What’s with these preseason rankings?
First off, welcome to the blog! I’ll be covering the Indiana Pacers and live tweeting games with the occasional Colts piece here and there.
For my first act, I will be filing a formal complaint: the Pacers are criminally underrated in expert preseason rankings. Now, I know the last thing you want to hear from a new and fresh face is complaining.
Most of you haven’t even decided if you like this blog yet.
Alas, I feel as though I’ll be forgiven for this given the lack of respect the Blue and Gold are getting from the national media. Of course, they are consistently slept on, but this particular season reminds me more of the post-Paul George trade disrespect.
Six NBA analysts on CBS Sports gave their season predictions and none of them had the Pacers above the eighth seed in the Eastern Conference. Two of them had them missing the playoffs completely.
Let’s debunk a few common misconceptions about this team.
The Pacers didn’t do enough to keep up with improving rosters
This is the most common, and most understandable, reason the Pacers stock has tanked over the last few months. Many Pacers fans, including myself, were disappointed in the lack of roster changes by the team since the end of last season.
It seemed as though the rest of the East stayed busy and worked towards the goal of knocking off the Bucks as the front-runners. Taking stock in many of these moves, I believe this has been blown way out of proportion.
The Pacers were the fourth seed in the East despite an onslaught of injuries, including Myles Turner and Domantas Sabonis each missing 11 games, Malcolm Brogdon missing 19, Victor Oladipo missing the majority of the season, and Jeremy Lamb missing the entire bubble.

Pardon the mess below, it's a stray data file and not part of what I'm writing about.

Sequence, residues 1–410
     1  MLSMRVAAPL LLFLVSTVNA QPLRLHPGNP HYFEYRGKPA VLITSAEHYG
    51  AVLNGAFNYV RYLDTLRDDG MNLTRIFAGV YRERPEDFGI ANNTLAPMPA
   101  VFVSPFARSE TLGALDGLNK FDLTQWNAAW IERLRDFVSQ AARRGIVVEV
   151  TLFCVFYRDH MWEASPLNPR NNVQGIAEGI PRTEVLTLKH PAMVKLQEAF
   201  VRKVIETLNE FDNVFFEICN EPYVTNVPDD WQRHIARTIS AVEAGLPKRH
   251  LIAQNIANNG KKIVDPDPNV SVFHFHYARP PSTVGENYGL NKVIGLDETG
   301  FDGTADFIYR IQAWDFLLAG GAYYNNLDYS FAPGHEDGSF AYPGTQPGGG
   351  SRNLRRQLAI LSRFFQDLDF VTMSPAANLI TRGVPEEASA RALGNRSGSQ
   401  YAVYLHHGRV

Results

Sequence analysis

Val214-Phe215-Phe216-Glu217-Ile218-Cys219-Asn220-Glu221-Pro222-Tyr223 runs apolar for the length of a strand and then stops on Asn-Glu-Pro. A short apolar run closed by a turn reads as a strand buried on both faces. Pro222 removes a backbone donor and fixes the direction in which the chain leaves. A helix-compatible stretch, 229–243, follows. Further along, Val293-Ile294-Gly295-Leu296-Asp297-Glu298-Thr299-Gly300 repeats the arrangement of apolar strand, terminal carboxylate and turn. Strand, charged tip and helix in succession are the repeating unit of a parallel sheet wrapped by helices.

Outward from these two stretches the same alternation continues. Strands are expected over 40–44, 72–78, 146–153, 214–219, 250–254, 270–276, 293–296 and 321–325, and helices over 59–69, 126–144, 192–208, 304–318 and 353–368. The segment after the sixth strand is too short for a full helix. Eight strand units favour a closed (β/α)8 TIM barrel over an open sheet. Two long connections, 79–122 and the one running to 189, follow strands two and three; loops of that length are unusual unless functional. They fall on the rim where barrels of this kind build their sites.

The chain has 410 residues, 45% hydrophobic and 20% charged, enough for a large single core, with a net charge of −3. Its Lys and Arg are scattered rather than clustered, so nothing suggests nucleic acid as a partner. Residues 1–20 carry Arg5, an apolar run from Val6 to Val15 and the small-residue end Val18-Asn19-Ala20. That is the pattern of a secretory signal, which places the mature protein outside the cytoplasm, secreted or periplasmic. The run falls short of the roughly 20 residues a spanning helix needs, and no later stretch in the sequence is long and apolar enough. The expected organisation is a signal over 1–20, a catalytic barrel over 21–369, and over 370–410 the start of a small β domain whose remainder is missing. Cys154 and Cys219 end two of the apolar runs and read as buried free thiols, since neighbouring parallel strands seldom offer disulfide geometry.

Granted, every team deals with injuries, but this team has never been healthy all at once. They still were able to stumble into the top half of playoff teams in the conference.
The other side to consider are the teams who improved. The Nets are the obvious one with the return of Kevin Durant. They should battle with the Bucks for the top seed.
Another team that I consistently see above the Pacers is the Atlanta Hawks. They added Danilo Gallinari, Bogdan Bogdanovic, among others to solidify a young, talented core. They will make some noise in the East, but not enough to fully erase that 20–47 effort from last season. I just don’t see it.
Other teams that the Pacers are consistently competitive with in the standings (Boston, Philadelphia, Toronto, and Miami) did not make any ground-breaking moves and, in Boston’s case, arguably got worse.
The top two teams will runaway with this conference and it’ll be a fight for 3–7. The Pacers are very much in that tier and to say otherwise proves that many national reporters simply do not watch them.
A new coach and system will not work immediately.
The Pacers shocked many in the NBA when they fired head coach Nate McMillan just days after handing him an extension. McMillan was a polarizing figure among Pacers fans with some pointing out his lack of offensive evolution, while others defended his handle of the locker room.
The fact of the matter is his teams never made it out of the first round. If you’re not moving forwards, you’re moving backwards. Pacers ownership agreed and McMillan was sent packing.